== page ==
Hopes are growing that official efforts to cool Hong Kong's red-hot property market may finally be working.
Two months ago the government doubled the stamp duty it charges typical home-buyers to around 5.5 per cent.
At the same time the Hong Kong Monetary Authority ordered the city's banks to increase the amount of capital they hold against new residential mortgages.
To cover their higher capital costs, the banks turned around and raised mortgage rates by 0.25 of a percentage point, pushing the interest rate on a typical new loan up from 2.75 per cent to 3 per cent.
You can already see the impact in the market. The number of residential property transactions plunged in March, falling 60 per cent compared with the same month last year.
As the first chart shows, that's almost as steep as the fall in sales volumes during the 2008 financial crisis.
When the number of transactions falls, prices usually follow soon after. Over the second half of 2008, prices tumbled by 23 per cent.
Some market observers believe we may be about to see a fall of similar magnitude. In the past few weeks, with potential buyers deterred by the official cooling measures, would-be sellers have begun dropping their asking prices. As a result, the closely followed Centa-City leading index of secondary market prices has now slipped by 3 per cent from its mid-March peak.
Yet although many analysts expect further falls in the short to medium term, it doesn't necessarily follow that we will see a major double-digit decline any time soon.
After all, it took the extreme external shock of the financial crisis to cause the 2008 correction. And when the world's central banks responded to the crisis with massive liquidity injections, the buoyancy of Hong Kong's property market soon reasserted itself, with prices taking just 10 months to recover their lost ground, despite the economic downturn.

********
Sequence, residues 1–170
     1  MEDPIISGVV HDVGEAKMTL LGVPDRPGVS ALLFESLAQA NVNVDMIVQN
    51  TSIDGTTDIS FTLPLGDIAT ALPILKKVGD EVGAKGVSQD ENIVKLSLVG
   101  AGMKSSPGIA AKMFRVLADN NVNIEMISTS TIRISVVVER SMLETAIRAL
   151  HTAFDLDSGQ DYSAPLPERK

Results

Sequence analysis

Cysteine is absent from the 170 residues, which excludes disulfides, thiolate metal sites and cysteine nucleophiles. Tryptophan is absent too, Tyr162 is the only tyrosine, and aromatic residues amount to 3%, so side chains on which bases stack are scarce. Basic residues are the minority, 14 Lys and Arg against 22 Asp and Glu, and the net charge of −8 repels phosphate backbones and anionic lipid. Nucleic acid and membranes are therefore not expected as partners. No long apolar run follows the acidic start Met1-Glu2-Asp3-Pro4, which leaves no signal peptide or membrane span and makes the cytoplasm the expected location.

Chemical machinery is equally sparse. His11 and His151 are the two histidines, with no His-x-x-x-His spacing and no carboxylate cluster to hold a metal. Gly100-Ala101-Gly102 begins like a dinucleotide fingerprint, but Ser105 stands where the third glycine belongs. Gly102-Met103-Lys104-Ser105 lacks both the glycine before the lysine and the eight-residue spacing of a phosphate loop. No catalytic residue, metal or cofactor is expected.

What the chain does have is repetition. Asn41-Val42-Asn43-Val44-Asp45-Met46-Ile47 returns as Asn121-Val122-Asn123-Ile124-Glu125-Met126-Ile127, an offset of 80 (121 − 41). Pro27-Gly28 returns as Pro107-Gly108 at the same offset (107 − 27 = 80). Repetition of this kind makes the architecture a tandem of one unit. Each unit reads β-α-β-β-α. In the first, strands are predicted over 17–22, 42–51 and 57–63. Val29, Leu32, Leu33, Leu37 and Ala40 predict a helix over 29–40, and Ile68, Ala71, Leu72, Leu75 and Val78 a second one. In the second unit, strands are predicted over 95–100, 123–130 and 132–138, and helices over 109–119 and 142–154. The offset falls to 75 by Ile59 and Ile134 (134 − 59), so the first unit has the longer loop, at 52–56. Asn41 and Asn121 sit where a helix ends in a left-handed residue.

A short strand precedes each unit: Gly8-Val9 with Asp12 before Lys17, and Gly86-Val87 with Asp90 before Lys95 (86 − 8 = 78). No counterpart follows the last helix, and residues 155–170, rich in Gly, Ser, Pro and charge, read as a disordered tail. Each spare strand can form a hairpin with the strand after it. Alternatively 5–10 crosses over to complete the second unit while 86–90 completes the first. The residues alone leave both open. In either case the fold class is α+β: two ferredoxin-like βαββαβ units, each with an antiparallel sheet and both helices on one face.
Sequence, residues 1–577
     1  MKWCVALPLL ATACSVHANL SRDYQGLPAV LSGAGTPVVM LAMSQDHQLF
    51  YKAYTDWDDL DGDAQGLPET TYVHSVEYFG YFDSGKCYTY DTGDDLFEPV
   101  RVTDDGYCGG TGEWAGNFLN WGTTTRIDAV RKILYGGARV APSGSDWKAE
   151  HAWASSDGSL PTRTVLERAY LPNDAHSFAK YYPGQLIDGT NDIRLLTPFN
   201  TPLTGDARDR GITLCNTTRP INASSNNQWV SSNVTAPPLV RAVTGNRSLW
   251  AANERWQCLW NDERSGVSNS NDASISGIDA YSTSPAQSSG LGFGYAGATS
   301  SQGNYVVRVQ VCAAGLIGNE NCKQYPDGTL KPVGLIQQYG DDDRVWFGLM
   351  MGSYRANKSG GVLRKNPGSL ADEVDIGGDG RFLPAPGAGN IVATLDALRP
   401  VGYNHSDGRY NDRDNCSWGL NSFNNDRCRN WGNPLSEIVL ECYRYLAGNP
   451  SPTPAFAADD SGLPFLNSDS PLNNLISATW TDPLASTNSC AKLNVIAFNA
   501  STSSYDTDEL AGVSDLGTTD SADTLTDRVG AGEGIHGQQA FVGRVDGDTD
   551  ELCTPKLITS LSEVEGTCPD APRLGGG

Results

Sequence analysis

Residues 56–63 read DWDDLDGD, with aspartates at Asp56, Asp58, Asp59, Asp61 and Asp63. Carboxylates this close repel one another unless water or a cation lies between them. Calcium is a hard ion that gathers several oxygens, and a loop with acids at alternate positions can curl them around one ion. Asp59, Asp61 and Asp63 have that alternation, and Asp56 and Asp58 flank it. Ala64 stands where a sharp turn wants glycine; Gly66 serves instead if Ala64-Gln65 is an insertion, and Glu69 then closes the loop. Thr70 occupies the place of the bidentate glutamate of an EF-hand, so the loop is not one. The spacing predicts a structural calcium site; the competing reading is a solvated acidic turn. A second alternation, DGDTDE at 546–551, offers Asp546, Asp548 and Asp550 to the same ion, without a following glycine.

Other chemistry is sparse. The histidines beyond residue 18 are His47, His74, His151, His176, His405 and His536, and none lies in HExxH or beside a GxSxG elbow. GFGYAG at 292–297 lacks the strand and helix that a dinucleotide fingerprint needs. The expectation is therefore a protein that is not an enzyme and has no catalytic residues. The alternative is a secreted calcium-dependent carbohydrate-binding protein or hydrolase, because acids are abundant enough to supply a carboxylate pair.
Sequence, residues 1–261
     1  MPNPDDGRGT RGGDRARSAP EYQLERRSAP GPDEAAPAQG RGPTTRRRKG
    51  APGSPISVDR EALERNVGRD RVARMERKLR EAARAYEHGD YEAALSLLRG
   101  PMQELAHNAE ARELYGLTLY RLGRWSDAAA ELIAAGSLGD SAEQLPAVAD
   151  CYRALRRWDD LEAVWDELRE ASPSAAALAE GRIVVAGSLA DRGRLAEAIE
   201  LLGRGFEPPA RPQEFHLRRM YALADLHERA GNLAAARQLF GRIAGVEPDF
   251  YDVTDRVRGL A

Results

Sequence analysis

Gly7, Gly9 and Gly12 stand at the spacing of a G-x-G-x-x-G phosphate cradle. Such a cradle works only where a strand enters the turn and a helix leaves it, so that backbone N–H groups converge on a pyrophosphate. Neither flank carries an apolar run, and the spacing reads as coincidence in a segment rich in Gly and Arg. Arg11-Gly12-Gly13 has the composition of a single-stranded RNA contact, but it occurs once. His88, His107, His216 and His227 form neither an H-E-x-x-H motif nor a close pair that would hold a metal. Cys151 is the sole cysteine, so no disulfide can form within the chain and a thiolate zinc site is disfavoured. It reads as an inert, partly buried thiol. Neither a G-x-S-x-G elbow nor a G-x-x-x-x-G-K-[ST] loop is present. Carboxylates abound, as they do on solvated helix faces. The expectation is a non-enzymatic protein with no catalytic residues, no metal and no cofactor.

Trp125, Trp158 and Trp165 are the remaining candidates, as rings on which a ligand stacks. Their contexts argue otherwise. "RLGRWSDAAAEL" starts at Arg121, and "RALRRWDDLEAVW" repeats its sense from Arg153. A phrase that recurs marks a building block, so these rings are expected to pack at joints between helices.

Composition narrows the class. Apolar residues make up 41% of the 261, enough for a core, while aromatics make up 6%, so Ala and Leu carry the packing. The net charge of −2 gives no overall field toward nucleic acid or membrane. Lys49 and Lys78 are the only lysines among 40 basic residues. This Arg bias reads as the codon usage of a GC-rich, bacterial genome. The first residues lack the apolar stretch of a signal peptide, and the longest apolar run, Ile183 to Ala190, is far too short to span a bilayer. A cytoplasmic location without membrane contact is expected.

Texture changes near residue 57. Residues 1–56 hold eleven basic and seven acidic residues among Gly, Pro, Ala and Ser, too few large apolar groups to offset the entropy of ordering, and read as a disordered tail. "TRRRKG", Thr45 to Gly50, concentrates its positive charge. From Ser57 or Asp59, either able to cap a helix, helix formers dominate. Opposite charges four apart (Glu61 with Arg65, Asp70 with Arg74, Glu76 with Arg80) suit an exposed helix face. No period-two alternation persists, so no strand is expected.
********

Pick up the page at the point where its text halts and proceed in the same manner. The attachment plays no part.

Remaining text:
Since then, the city's home prices have proved stubbornly resilient, despite repeated official efforts to cool the market.
Through 2011 the HKMA came out with a series of increasingly tough restrictions on mortgage borrowing designed to deter people buying multiple homes as investments.
But although transaction volumes dropped steeply for a period of several months, the HKMA's measures barely dented prices. Over the fourth quarter of 2011 the Centa-City leading index did slip by 6 per cent. But prices remained in positive territory in year-on-year terms, and, afloat on a flood tide of cheap liquidity, the market quickly shrugged off the HKMA's cooling measures.
Something similar may happen this time around. Following the recent fall in transaction volumes, it is likely that demand is beginning to accumulate. With mortgages still available at a relatively cheap 3 per cent interest rate, any further declines in prices over the coming weeks might entice buyers back into the market, lifting prices once again.
However, even if prices do fall another 20 per cent from here, it won't do much to solve Hong Kong's problem of unaffordable private housing.
That's because a 20 per cent fall from here would only take home prices back to where they were last March, when everyone agreed they were already at prohibitively high levels.
The problem is the Hong Kong government's land policy, which has long drip-fed the market with a restricted supply of building land, in combination with the city's currency peg, which means our interest rates follow US rates, even if they are far too low for economic conditions here.
The government has promised to boost land supply, but there is no prospect of any changes to the peg. That means Hong Kong property will remain eye-wateringly expensive for the foreseeable future.